Let’s assume for a moment that the new Fiat 500L will undercut the Mini Countryman in price, just as the 500 undercuts the Cooper. With that assumption in mind, we’ll assume that the stylistically-challenged Fiat 500L might sell at least as often as the Countryman.
The 500L is only available with front-wheel-drive. Even the Mini is only available with all-wheel-drive at the top of lineup. Neither car is a faithful design follower of the iconic original; the Fiat less so. Neither car is particularly quick. Both cars feature highly stylized interiors, neither of which is roomy like a proper SUV. By Mini standards, the Countryman isn’t pretty. By car standards, the Fiat is ill-proportioned.
Regardless of their stark differences and apparent similarities, it’s safe to project approximately 20,000 annual U.S. sales for the 500L, based on the Mini Countryman’s total. Fiat USA will likely sell around 43,000 500s in 2012.
If the 500L can find 20,000 buyers in 2013 while selling another 43,000 500 hatchbacks, where does this position the Fiat brand?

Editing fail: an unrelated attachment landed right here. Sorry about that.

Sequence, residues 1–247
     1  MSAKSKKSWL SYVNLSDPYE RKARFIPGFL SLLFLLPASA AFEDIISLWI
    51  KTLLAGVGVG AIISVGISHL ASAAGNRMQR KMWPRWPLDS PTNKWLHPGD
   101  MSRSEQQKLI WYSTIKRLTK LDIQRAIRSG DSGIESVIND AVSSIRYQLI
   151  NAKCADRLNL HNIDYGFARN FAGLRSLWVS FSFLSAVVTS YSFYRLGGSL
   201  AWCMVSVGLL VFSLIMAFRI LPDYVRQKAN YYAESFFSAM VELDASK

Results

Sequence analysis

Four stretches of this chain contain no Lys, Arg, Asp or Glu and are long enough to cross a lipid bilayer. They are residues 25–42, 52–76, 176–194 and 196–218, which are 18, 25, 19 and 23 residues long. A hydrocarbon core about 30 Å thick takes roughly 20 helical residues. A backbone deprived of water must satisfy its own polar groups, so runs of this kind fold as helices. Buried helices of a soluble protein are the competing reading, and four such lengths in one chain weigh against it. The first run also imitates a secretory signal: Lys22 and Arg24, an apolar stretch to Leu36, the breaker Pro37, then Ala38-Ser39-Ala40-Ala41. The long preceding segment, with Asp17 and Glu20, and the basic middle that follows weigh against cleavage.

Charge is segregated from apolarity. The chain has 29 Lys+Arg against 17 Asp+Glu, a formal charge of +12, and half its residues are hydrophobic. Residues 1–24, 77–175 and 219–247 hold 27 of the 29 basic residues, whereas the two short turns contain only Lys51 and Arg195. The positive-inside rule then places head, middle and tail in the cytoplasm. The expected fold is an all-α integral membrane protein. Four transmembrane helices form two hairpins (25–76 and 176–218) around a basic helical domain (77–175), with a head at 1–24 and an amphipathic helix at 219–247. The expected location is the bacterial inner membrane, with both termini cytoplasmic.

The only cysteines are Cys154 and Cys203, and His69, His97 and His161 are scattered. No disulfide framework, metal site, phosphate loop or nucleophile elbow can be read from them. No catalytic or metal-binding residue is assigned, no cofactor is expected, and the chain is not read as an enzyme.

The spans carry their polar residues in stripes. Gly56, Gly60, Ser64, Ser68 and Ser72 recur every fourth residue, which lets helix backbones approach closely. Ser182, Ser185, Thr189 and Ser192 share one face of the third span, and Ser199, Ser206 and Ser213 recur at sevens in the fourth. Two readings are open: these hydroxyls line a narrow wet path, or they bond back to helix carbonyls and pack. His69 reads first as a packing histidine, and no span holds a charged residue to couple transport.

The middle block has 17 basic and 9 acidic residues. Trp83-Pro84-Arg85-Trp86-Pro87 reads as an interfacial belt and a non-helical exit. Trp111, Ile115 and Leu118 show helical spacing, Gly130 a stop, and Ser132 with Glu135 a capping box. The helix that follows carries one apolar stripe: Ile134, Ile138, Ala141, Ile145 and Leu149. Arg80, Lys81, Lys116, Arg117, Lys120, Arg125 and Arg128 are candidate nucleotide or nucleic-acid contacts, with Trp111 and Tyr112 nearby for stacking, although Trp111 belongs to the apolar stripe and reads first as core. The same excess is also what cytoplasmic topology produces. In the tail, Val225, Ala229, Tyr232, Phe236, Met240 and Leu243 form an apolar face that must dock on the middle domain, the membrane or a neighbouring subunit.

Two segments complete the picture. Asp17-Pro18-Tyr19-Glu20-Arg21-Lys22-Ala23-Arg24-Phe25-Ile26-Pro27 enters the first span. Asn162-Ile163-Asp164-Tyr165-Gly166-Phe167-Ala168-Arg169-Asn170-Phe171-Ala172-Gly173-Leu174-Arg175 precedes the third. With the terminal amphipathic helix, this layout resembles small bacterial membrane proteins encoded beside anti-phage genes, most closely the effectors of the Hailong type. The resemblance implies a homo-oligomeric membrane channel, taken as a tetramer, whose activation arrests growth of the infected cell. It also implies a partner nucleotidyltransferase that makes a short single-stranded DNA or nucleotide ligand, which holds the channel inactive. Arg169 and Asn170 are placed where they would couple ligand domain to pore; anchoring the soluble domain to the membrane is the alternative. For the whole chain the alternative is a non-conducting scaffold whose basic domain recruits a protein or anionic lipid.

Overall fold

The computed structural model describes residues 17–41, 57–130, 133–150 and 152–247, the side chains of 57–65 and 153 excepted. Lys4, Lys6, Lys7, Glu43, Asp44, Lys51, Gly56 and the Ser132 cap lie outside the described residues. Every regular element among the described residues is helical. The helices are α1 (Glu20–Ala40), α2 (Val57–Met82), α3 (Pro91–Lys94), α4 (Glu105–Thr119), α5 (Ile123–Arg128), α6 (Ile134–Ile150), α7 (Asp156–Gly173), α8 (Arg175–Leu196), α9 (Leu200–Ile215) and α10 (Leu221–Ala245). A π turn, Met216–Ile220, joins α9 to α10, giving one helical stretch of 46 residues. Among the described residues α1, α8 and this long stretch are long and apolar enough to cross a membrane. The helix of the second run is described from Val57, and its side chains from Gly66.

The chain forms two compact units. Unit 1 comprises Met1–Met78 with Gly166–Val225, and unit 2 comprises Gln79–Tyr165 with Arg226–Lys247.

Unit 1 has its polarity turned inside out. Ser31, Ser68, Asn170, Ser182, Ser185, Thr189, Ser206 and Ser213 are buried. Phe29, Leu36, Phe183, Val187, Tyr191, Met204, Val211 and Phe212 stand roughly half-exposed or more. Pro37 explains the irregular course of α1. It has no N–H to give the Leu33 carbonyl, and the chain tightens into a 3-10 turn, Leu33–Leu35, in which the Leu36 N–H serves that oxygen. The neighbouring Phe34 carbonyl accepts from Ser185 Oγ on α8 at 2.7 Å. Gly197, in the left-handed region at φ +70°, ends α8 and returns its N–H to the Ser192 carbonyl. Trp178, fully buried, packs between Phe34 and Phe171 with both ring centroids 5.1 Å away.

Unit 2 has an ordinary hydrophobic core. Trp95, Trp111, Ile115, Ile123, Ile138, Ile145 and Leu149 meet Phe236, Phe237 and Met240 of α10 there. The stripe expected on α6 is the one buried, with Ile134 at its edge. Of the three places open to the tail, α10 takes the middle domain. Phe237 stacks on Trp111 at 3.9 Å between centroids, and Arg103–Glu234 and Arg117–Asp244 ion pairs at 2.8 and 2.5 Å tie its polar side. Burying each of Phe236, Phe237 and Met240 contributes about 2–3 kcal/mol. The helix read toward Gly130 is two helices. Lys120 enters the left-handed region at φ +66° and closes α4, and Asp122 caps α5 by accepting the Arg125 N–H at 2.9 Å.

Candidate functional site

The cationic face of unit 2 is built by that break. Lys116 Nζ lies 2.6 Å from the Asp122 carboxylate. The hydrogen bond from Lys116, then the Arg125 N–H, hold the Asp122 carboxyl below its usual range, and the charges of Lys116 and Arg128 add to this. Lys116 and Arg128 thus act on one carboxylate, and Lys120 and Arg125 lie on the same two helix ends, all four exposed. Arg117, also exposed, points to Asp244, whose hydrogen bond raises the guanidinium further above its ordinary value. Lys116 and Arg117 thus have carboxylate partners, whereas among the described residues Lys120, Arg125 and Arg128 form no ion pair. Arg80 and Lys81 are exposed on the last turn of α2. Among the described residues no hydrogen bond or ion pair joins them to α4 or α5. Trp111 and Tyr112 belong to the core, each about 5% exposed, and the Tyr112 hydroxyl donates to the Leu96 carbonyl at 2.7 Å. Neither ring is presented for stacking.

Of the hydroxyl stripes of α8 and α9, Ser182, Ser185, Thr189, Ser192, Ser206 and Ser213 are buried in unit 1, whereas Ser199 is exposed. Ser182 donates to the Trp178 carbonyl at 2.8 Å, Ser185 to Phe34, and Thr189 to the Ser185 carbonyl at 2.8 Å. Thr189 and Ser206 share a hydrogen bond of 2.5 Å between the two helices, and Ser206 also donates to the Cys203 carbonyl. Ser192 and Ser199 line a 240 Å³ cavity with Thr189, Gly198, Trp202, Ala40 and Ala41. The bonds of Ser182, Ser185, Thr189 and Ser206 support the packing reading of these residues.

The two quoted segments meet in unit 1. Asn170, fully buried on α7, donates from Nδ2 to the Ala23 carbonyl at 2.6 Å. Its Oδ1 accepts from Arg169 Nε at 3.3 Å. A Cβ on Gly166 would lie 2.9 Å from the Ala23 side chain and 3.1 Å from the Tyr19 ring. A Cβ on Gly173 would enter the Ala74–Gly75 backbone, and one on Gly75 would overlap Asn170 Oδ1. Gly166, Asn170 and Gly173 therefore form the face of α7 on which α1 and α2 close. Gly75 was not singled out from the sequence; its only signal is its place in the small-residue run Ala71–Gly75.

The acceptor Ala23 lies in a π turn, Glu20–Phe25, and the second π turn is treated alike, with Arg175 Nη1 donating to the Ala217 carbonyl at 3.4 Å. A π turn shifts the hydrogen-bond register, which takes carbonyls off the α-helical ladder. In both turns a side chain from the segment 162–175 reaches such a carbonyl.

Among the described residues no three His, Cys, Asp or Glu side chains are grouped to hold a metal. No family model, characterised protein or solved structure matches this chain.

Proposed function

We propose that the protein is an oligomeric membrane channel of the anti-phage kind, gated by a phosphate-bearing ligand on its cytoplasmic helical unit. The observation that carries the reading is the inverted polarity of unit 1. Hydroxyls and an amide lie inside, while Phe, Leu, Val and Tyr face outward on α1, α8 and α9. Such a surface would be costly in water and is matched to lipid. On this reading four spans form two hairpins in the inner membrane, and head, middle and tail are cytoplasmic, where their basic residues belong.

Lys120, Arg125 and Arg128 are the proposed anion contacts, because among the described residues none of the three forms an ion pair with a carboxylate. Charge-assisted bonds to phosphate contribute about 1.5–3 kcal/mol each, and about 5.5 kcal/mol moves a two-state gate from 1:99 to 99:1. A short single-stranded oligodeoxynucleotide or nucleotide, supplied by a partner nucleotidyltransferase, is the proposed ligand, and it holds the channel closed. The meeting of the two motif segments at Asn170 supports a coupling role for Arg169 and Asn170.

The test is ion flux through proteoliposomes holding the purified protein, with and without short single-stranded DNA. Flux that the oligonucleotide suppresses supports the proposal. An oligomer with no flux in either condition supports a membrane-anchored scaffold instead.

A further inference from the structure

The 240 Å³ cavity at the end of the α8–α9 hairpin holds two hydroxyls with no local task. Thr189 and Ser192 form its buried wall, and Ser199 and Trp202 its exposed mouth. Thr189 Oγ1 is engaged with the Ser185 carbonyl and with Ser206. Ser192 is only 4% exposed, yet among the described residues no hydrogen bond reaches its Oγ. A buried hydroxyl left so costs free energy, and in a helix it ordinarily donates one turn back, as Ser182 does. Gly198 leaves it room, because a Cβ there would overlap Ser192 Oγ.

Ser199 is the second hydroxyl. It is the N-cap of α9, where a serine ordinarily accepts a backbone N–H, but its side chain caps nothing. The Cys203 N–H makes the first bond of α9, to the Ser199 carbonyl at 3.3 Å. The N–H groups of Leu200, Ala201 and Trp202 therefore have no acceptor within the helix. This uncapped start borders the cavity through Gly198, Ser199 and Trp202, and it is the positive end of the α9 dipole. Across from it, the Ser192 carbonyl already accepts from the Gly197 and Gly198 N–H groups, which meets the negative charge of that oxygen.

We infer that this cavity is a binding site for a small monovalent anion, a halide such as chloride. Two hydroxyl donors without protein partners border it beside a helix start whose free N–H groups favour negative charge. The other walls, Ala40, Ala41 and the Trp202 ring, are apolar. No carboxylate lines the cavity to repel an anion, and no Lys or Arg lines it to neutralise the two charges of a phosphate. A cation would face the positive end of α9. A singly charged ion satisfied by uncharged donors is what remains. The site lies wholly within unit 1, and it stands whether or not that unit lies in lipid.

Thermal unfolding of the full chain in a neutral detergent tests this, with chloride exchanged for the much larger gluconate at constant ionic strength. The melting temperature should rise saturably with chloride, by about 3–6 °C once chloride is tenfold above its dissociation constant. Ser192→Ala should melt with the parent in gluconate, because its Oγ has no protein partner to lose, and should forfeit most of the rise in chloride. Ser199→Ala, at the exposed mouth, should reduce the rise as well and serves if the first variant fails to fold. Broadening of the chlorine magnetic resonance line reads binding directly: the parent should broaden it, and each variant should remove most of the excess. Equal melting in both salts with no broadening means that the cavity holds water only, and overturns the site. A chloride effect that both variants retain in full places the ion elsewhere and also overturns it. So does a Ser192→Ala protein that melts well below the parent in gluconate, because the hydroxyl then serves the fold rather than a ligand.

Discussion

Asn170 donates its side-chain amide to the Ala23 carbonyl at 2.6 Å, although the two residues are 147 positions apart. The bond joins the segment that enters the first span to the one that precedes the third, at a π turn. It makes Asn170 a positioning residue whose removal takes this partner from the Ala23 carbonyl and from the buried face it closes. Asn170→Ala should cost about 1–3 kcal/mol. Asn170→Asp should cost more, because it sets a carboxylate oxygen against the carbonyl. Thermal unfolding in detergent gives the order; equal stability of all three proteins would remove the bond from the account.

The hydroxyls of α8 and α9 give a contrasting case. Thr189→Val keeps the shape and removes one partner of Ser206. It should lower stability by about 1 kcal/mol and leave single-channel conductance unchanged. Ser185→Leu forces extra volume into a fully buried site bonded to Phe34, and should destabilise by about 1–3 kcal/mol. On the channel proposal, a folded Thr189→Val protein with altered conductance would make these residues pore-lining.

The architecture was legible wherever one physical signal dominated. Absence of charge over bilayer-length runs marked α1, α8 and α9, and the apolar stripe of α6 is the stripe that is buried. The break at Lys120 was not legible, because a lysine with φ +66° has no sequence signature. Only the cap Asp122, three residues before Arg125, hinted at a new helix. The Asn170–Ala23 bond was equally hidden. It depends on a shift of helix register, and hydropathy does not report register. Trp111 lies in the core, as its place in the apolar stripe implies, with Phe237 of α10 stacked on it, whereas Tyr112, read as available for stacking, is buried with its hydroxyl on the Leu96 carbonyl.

Strictly judged by volume, Fiat would only barely be trailing Mini. Fiat would be selling nearly as many cars as Volvo and would be selling twice as many vehicles as Porsche.
Even if the 500L becomes a 20,000-units type of vehicle, Fiat won’t sell 20,000 in what will be an abbreviated 2013 launch year. Yet we can still expect to see Fiat’s 2013 year-end volume climbing at least 40% even if the 500 posts no year-over-year sales increase.
Check out historic monthly and yearly sales figures for the regular Fiat 500, Mini Cooper range, Mini Countryman, and any other vehicle or brand by making your selection at GCBC’s Sales Stats home. U.S. brand rankings, where Fiat ranked 29th in October and Mini ranked 24th, can be accessed here.